“Both Sweden and Finland are applying for NATO in order to secure our [political order based on] rule of law in times of possible external attack – not to throw it in a dustbin,” Alaranta said.

This approach is popular amongst the Swedish electorate, according to a poll published by newspaper Dagens Nyheter last week, which showed that 79 percent of Swedes favour standing by the court ruling even if it holds up NATO accession.

Turkey’s stance is expected to soon become the only remaining obstacle to Sweden and Finland joining NATO, since 28 of the Western alliance’s 30 members have validated their requests and the Hungarian parliament is set to give its approval later this month.

‘Happy to wait things out’

Finnish Foreign Minister Pekka Haavisto lamented that Ankara will probably not allow the two countries to join before Turkey’s presidential polls in June. Yet Sweden and Finland could well end up waiting for longer.

Turkey is no stranger to rowing with fellow NATO members – as demonstrated by Erdogan’s public spats with French President Emmanuel Macron and, especially, Ankara’s decision to buy Russia’s S-400 air defence system in 2017 in the face of US uproar followed by sanctions. Erdogan also has a history of making life difficult for European countries to help advance his priorities in the Middle East – most notably when he threatened in 2019 to let millions of migrants into Europe unless European powers quietened their criticism of Turkey’s offensive on Kurdish forces in Syria.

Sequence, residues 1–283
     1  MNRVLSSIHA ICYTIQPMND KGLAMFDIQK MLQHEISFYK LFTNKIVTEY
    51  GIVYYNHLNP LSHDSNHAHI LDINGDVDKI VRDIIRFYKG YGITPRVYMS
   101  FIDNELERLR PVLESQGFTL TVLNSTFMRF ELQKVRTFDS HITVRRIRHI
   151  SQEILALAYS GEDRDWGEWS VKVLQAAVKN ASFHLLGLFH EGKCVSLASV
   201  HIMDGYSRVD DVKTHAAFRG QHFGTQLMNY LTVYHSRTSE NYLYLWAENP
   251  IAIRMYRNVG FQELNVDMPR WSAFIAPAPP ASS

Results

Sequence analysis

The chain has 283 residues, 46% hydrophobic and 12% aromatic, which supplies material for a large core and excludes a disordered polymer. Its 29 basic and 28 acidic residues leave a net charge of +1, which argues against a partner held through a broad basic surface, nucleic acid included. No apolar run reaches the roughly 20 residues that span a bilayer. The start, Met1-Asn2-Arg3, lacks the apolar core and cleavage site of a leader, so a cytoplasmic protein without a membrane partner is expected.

Of course, Russia’s war against Ukraine is the West’s most pressing geopolitical concern, making it a natural priority to bring Sweden and Finland into the NATO umbrella. But the war in Ukraine also highlight’s Turkey’s importance to the Western alliance, even if Ankara has been an awkward NATO member over the past decade. So far Erdogan has kept ties with both Russia and Ukraine while alienating neither – and that bore fruit for the rest of the world when Turkey brokered alongside the UN a deal to export Ukrainian grain through the Black Sea in July, before renewing the deal in November after Russia briefly withdrew.

“Erdogan approaches the NATO alliance with the belief that Turkey’s interests are not taken seriously enough and that NATO needs Turkey,” observed Howard Eissenstat, a Turkey specialist at St. Lawrence University in New York state and the Middle East Institute in Washington DC. “He doesn’t see acrimony within the alliance as necessarily a bad thing, so long as it underlines that Turkey’s interests need to be addressed.”

The Turkish government’s “core assumptions about how Western governments should pursue Turkey’s enemies are at odds with basic principles of rule of law”, Eissenstat said, adding that he thought: “Ankara knew this at the onset but believes the process serves its interests.”

“Ankara is perfectly happy to wait things out,” he reasoned. “Those calculations may well change after Turkish elections when the domestic benefits decrease, but until then I doubt Ankara is likely to budge.”

Indeed, Erdogan faces a tricky re-election campaign in June amid a woeful economic context, as a currency and debt crisis has racked Turkey since 2018.

“The key issues in Turkey’s elections are, of course, mostly domestic – the abysmal economy and the question of [Syrian] refugees,” Eissenstat pointed out. “But Erdogan clearly benefits from taking a tough stance on Finnish and Swedish accession to NATO.”

Not only do the Turkish public like to “see Turkish leaders playing important roles in the world”, Eissenstat said, it is also “probably true that many share Erdogan’s distrust of the West and belief that Western governments have given safe haven to Turkey’s enemies”.